Brown, Christie & Green Congratulates Scholarship Essay Winner!
Brown, Christie & Green is proud to offer a $500 scholarship to college students driven toward success. The 2019 winner of our Essay Contest Scholarship program is Michelina Hanlon.
About Michelina Hanlon
Michelina Hanlon is an undergraduate student at Stanford University. Her academic interests include mathematics, physics, and psychology. Outside of academics, she spent most of her life pursuing ballet and placed 2nd in the Youth American Grand Prix Regional Finals in 2017.
She matriculated at Stanford in the fall of 2018 and took a leave of absence in 2019 to dance in Europe. She is excited to be returning to Stanford this fall to continue her studies and is very grateful and honored to have been chosen as this year’s recipient of the Brown, Christie & Green scholarship!
Read the Winning Essay
Role of the Government in Protecting Patients from Injury
Adverse effects of medical treatment (AEMT) are taking the lives of thousands of Americans each year. According to researchers at Johns Hopkins University School of Medicine, the number of deaths due to medical error was estimated in 2016 to be 251,454 per year — which would mean AEMT is the third leading cause of death in America. Although there is some speculation on this research suggesting that this number is a gross overestimate, the bottom line is that AEMT is causing preventable deaths and injuries every year. The US government has taken some action to protect patients from AEMT, but it seems clear that not enough is being done to reduce the number of medical errors resulting in injury or death. The role of government should be to decrease the amount of medical errors and to fairly compensate wrongfully injured patients and their families.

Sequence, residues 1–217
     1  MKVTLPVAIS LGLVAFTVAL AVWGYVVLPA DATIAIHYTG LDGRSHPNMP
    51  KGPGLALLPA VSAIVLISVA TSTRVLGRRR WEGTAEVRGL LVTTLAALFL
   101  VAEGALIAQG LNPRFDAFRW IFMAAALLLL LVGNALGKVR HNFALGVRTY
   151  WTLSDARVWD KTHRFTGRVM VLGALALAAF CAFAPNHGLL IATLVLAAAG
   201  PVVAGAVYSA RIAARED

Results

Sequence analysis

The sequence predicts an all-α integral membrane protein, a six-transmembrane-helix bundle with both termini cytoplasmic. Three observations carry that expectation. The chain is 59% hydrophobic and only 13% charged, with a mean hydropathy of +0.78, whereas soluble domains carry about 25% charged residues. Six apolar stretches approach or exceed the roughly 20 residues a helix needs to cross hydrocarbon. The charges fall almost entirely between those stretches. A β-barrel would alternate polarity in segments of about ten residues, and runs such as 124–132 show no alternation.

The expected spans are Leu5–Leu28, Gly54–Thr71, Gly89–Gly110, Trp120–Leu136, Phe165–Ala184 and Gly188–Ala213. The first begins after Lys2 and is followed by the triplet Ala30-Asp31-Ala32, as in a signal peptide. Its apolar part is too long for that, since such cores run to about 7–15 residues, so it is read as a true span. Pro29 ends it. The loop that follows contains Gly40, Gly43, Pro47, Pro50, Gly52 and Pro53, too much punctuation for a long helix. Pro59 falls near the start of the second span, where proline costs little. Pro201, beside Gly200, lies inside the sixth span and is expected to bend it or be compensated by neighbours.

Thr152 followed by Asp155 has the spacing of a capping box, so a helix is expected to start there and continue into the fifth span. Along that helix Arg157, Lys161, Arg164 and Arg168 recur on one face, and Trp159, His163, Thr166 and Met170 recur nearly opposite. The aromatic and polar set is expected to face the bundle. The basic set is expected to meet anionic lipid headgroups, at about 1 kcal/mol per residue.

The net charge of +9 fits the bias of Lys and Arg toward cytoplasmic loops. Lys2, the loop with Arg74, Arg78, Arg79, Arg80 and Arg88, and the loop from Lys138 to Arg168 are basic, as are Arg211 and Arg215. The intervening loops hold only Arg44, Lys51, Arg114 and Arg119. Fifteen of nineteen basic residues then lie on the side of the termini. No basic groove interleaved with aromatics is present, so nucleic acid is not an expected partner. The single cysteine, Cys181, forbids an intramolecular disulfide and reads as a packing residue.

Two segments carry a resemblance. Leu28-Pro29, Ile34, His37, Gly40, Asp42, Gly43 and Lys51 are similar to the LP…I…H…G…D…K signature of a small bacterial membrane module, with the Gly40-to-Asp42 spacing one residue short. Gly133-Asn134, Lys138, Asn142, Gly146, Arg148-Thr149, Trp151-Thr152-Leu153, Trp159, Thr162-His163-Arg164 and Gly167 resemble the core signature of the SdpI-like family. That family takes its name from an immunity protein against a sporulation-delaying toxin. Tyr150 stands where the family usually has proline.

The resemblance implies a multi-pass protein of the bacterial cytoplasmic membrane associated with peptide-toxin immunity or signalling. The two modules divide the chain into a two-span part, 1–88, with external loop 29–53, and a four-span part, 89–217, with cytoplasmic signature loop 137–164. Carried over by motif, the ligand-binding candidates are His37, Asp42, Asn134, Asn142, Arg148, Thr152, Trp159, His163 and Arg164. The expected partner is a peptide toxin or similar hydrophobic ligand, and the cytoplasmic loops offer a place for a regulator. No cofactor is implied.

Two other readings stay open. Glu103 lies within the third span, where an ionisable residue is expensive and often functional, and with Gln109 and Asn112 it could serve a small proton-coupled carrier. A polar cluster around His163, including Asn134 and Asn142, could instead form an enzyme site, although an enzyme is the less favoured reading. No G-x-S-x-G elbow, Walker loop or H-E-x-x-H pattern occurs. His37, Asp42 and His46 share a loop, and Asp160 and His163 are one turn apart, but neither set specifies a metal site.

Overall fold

In order to discuss the role of the government in protecting patients from injury, it is necessary to understand the system surrounding medical malpractice as a whole. The current system is based on negligence. If a patient or the patient’s family feels that physician negligence resulted in injury or death, they can sue their physician. If found liable, then they are compensated accordingly. In some states, noneconomic damages have been capped.
Many factors are at play in this system and different perspectives are involved. The two main players in this complicated system are 1) physicians and health care providers and 2) patients and their lawyers. The agendas of these two groups differ in important ways, which makes it difficult for the government to create a common solution on how to best protect patients.